In the embodiment of FIG. 3, the detent is formed as a narrowed portion 807 of the slot 806 between two tabs 808. The tabs 808 are generally trapezoidal, but may have a different geometry in other embodiments. As shown in FIG. 3A, in certain preferred embodiments, the tabs 808 may be located immediately adjacent the distal bevel (e.g., to maximize efficiency of advancing a fiducial past them and out of the needle while minimizing residual overlap of a deployed fiducial with the beveled portion of the distal needle tip). Each of the transitions between the edge 806a of the needle slot 806, the proximal tab edge 808a, central tab edge 808b, and distal tab edge 808c may be cornered (e.g., chamfered or filleted) or rounded (e.g., radiused). The tabs 808 preferably are near the distal end of the slot 806.

The body wall cannula 804 generally circumferentially defines a needle lumen 810 configured to allow sliding passage therethrough of a fiducial such as, for example, a fiducial (e.g., as shown in FIGS. 2A-2C or others that would readily pass through the needle lumen 810, preferably with controllable retention of the fiducial(s) by the tabs 808). The needle may be constructed from a nickel-titanium alloy, cobalt-chromium (CoCr) alloy, stainless steel or any other suitable material. Its tip may have a different geometry than the beveled configuration shown. In an alternative embodiment, the tabs 808 may meet such that they will be forced to flex upward and/or outward to a greater degree to allow passage of a protuberance on a fiducial. And, the outer surface of the needle may be dimpled or otherwise textured to provide enhanced echogenicity.

An exemplary needle embodiment is also described with reference to FIG. 3, which exemplary needle embodiment may be configured and dimensioned for use with the exemplary fiducial embodiment described above with reference to FIGS. 2A-2C. In one such exemplary needle embodiment, the ID of the needle lumen is at least about 0.034 inches (0.86 mm). The OD of the needle is about 0.042 inches (1.07 mm; about 19-gauge), with a wall-thickness of about 0.008 inches (0.2 mm). The slot portion proximal of the tabs is about 0.02 inches (0.5 mm) wide and about 0.42 inches (about 10.7 mm) long. Each of the tabs extends about 0.06 inches (0.15 mm) out of the slot edge and has a slot-facing edge that is about 0.02 inches (0.5 mm) long (not including the proximal and distal angled transitions from the slot edge, which are radiused at about 0.005 inches (0.13 mm)). These measurements and proportions may be varied in other embodiments, including those illustrated herein, while remaining within the scope of the presently-claimed material. For example, the particular dimensions of a slot, tabs, and fiducial may be configured for use with a 22-gauge needle having a desirable balance of flexibility and stiffness, as well as including a distal needle tip bevel of about 30°, a slot width of about 0.014 inches (about 0.36 mm) with slot tabs separated only by about 0.006 inches (about 0.15 mm) across the slot, and echogenicity-enhancing surface dimpling disposed along the needle exterior adjacent and generally parallel with at least a distal length of the slot.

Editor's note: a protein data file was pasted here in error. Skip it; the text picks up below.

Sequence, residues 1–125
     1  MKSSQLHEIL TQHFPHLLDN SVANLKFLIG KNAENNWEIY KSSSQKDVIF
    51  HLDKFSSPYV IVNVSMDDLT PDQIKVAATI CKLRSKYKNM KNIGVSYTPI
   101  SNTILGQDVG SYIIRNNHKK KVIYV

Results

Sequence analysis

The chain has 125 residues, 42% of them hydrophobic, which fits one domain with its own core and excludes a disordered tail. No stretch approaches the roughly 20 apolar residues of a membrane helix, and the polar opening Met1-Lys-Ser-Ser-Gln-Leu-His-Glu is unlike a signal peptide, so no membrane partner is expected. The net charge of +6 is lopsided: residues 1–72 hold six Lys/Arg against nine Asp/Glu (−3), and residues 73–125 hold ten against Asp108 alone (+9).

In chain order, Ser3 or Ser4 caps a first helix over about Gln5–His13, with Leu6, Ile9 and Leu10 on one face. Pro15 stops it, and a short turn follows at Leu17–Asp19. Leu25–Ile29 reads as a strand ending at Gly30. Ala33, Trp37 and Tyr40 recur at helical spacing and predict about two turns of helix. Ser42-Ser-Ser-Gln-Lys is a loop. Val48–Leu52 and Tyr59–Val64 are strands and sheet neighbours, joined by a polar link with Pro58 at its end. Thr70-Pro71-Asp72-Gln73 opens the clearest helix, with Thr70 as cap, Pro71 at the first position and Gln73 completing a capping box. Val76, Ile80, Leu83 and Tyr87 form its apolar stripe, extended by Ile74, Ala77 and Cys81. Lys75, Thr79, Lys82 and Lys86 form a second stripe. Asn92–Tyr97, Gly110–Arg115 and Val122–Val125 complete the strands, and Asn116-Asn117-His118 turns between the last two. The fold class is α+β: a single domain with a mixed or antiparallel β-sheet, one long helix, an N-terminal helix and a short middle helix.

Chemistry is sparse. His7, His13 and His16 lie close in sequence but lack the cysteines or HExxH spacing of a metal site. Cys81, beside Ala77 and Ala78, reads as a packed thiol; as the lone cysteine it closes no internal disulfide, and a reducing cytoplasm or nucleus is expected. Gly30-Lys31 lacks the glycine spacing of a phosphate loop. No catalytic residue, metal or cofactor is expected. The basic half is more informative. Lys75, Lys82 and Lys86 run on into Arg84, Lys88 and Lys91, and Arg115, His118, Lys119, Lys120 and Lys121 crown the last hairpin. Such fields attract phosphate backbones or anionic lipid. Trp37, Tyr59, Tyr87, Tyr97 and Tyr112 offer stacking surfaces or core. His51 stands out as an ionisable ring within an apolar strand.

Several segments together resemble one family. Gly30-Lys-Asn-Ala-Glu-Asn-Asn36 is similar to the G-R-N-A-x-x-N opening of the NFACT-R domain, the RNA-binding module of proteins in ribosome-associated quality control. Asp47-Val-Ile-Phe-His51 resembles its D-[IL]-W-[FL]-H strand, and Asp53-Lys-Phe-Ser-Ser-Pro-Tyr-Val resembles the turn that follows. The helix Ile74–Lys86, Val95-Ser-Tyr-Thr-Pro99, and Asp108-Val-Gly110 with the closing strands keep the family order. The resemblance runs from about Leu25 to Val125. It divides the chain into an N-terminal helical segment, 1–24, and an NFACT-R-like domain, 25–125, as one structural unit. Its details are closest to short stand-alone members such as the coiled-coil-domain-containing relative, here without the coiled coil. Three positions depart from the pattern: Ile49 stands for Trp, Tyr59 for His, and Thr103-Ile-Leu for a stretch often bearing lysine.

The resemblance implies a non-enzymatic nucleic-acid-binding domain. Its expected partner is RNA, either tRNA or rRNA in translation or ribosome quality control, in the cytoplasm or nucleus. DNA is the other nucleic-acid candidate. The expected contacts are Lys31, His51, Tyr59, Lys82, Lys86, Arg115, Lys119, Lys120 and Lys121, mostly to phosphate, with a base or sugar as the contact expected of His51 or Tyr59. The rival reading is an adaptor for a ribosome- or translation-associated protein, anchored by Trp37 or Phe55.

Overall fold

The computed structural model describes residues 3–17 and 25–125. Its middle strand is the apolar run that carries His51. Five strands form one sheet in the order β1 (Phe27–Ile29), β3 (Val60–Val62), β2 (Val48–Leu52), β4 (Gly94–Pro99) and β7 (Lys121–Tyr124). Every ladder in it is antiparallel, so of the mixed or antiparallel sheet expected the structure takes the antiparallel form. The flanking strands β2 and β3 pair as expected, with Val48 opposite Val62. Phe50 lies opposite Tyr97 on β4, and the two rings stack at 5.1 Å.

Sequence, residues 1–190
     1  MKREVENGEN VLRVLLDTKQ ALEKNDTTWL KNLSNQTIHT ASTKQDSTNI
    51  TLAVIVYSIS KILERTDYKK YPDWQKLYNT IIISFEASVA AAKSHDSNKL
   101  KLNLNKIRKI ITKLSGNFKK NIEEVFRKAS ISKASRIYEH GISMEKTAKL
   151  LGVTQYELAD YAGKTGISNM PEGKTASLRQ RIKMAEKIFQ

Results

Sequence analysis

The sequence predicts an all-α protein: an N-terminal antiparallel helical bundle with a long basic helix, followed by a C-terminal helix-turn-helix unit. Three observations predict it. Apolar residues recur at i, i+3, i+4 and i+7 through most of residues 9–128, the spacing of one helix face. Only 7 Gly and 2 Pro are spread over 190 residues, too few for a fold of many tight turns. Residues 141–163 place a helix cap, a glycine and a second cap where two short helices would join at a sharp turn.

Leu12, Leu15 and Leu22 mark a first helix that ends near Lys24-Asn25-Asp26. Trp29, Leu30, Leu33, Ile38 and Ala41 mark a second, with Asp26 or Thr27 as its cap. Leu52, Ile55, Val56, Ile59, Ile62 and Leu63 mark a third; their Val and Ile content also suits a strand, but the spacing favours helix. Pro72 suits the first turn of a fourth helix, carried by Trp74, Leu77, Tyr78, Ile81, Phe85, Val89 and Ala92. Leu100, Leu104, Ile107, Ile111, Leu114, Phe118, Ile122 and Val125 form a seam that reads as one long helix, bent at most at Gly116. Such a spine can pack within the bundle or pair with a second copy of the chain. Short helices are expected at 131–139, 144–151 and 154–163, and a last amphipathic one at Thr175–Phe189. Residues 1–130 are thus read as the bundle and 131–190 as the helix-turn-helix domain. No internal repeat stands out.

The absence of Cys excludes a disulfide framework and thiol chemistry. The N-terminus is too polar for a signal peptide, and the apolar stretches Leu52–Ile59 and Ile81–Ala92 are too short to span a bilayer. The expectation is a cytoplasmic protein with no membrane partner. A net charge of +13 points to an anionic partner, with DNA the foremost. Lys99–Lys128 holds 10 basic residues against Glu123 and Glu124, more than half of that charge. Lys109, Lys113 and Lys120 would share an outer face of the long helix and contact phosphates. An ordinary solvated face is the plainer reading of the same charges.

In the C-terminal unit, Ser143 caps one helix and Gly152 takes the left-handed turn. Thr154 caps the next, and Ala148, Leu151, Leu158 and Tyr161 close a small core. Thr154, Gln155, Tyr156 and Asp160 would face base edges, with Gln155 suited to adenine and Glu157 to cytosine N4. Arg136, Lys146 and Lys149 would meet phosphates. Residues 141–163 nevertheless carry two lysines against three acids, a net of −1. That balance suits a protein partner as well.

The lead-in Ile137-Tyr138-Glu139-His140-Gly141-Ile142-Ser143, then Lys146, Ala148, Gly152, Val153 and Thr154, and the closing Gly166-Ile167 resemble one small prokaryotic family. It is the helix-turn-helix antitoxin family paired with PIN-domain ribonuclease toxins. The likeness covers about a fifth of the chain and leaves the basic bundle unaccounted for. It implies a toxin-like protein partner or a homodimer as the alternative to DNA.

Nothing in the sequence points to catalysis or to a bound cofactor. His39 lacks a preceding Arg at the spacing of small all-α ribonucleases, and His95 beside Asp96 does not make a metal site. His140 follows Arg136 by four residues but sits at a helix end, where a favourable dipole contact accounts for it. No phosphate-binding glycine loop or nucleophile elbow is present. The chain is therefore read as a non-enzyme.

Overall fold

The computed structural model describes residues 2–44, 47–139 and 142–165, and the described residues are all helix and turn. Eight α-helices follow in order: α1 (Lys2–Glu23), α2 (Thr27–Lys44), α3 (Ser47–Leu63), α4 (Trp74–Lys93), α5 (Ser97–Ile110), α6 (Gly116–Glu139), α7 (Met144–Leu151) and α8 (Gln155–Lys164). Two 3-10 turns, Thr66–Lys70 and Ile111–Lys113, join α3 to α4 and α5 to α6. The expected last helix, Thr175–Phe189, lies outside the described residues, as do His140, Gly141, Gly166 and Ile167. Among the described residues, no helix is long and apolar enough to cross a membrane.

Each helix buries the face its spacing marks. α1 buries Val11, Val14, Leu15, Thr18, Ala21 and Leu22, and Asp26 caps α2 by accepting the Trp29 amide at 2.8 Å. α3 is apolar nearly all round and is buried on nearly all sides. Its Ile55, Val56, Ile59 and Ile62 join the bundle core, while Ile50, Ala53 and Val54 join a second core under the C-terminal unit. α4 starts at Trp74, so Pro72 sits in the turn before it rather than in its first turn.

The distal end portion of a fiducial deployment system 1000 is described with reference to FIG. 4, which is an external view, FIG. 4A which is a longitudinal section view taken along line 4A-4A of FIG. 4, using the needle 800 and fiducial 400 described above, and FIG. 4B, which shows a transverse section view along line 4B-4B of FIG. 4A. The system 1000 includes a flexible elongate needle sheath 1002. The needle 800, including a more flexible proximal body portion 820 extends through a sheath lumen 1004. At least one fiducial 400, illustrated here as a plurality of fiducials 400, is disposed slidably removably in a distal region of the needle lumen 810 of the needle's cannular body. The central longitudinal body portion 402 substantially occupies the inner diameter of the needle lumen 810. The protuberance 408 of each fiducial 400 has a height that may be about the same as the thickness of the needle wall, including the slot 806 into which the protuberances 408 project.